Black Folk and the Coat of Many Colors

You may have heard the story of Joseph as recorded in the Bible book of Genesis, but have you considered his life and how it parallels the life of Black Folk. I use the name “Black Folk” in an endearing way as it some how embodies the turbulent, drama ridden, yet persevering lives of those identified as African have lived.

Joseph was well favored by his father Israel which made him a beautiful coat of many colors as an expression of this. This favor, along with the gifts Joseph received of YAHWEH, caused his brothers to envy him and eventually sell him into slavery. To summarize Joseph’s life, all of the hardships and injustices he experienced was preparation for his greater purpose, which was to save his family along with a whole region of the world. His life reads as an analogy for the lives of Black Folks. Some have heard this parallel and reject it, but I find it too compelling to dismiss. I am not inferring what some may assume, that the enslavement of Africans somehow civilized them and made them better. I am suggesting that the trafficking of Africans all over the world to exploit their strength through slavery will be used by YAHWEH for a much greater purpose.

I believe YAHWEH will leverage the fiery refining of Black people in the great work of reconciliation He is planning in these end times. When you consider all that was inflicted upon Joseph, yet he persevered by the providence of YAHWEH and was used to reconcile his family together in Egypt, saving them from famine, and also benefitted the Egyptians with the wisdom he received from YAHWEH to save them as well. The qualities exhibited in Joseph which benefited the Egyptians were not learned it Egypt, they were already part of his heritage. It was only by the gracious counsel of GOD through visions and dreams that Joseph was not spoiled by the evil treatment he endured. The descendants of the Africans enslaved in America are still in the battle to maintain and largely recover their true heritage. Dr. H.T. Kealing wrote about the eroding effect of slavery on the personage of the Africans subjected to enslavement.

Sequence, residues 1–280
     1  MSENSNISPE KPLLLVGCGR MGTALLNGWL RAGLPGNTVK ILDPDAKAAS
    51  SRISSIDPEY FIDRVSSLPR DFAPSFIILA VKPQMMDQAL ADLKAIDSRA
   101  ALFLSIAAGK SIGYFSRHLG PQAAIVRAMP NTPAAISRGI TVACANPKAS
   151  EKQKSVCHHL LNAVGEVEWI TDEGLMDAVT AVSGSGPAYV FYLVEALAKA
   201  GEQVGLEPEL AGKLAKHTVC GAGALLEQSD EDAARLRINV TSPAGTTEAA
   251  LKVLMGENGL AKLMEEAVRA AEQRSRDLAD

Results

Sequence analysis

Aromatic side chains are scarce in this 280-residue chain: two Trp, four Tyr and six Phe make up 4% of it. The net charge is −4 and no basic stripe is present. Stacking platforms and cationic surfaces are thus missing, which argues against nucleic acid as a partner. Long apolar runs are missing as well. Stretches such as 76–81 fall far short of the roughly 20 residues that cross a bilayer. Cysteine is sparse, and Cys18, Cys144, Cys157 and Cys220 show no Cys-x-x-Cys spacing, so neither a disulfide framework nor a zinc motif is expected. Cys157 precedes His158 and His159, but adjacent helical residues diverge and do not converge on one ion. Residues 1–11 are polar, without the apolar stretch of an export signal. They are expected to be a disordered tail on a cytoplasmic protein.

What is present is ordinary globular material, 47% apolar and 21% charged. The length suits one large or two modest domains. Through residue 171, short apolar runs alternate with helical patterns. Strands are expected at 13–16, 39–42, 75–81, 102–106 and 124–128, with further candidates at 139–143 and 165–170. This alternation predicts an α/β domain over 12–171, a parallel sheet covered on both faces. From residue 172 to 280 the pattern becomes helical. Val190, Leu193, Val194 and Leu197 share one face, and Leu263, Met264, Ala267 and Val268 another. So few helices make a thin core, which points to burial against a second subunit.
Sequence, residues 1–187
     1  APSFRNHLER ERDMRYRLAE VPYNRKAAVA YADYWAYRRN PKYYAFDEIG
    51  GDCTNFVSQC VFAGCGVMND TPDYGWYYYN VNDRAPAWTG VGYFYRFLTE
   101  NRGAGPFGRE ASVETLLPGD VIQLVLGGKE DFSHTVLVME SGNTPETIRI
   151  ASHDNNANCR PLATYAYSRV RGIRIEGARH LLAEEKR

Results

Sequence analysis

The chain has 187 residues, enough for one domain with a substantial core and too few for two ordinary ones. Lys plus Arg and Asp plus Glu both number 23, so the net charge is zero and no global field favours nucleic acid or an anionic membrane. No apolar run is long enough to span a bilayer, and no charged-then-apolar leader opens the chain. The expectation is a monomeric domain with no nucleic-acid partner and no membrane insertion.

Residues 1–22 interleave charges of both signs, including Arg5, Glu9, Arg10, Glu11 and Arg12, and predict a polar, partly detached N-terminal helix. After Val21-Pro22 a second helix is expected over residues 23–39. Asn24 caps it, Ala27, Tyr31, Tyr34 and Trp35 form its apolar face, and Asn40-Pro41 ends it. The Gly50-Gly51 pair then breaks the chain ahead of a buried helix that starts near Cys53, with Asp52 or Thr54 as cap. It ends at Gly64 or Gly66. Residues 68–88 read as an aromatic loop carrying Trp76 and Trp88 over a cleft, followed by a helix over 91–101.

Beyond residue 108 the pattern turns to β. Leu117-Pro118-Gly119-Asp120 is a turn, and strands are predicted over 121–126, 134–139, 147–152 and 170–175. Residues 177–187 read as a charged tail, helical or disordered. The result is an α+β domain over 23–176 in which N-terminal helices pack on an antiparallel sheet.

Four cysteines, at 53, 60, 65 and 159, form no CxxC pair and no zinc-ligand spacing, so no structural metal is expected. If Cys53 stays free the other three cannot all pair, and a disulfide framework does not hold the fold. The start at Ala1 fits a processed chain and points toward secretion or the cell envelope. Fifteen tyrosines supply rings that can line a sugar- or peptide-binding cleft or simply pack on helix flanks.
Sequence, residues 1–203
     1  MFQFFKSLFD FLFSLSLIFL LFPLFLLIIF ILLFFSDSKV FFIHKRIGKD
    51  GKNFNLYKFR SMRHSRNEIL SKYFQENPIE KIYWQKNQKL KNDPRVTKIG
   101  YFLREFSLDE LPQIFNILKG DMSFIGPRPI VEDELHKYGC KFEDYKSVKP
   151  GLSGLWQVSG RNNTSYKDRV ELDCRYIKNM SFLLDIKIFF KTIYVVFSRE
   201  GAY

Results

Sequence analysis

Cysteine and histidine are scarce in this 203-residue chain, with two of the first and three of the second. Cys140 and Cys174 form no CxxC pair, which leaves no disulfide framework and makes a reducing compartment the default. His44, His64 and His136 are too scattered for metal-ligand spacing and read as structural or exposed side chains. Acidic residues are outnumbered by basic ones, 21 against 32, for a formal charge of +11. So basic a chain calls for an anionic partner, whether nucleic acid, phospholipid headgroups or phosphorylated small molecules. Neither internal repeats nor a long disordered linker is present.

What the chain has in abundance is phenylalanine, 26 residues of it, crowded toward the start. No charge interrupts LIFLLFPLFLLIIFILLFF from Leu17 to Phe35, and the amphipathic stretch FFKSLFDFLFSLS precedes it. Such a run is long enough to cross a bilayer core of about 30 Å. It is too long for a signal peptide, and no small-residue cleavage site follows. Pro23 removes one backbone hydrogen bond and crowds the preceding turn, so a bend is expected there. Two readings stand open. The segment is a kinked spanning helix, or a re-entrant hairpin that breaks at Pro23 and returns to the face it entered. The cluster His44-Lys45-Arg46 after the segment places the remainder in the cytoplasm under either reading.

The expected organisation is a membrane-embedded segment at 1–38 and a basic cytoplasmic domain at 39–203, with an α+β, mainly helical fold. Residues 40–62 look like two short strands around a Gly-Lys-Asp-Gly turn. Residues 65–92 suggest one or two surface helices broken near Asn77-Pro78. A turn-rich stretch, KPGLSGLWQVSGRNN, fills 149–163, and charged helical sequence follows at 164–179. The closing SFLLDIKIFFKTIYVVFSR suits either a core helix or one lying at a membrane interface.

Dr. H.T. Kealing was born in the state of Texas in 1859 before slavery was outlawed. By the time he reached adulthood, the period known as Reconstruction had begun and he was able to attend college. Kealing was one of the early leaders of the African Methodist Episcopal Church. One of his leadership roles was editor of the AME churches quarterly publication. While acting as editor, he published an essay called “The Characteristics of the Negro People”. This essay was republished in a collection of writings in a book titled “The Negro Problem: A Series of Articles by Representative American Negroes of Today” in 1903. Kealing’s essay was joined by the writings of Booker T. Washington, W.E.B DuBois, and other bright minds of that day. I read “The Negro Problem” in a study group of Black men ranging in age from 22 to 72. We found that much of what was written in this book at the turn of the 20th century is still applicable in the 21st century. Kealing’s insightful essay was one of the factors that cemented for me the reality of Slavery’s PTSD on Black people today. He categorized the characteristics of African Americans into two categories, inborn and inbred. The inborn characteristics being those natural to any child of GOD, while the inbred being those characteristics resulting from the wicked pressing and hateful kiln of slavery. Here is some of his essay: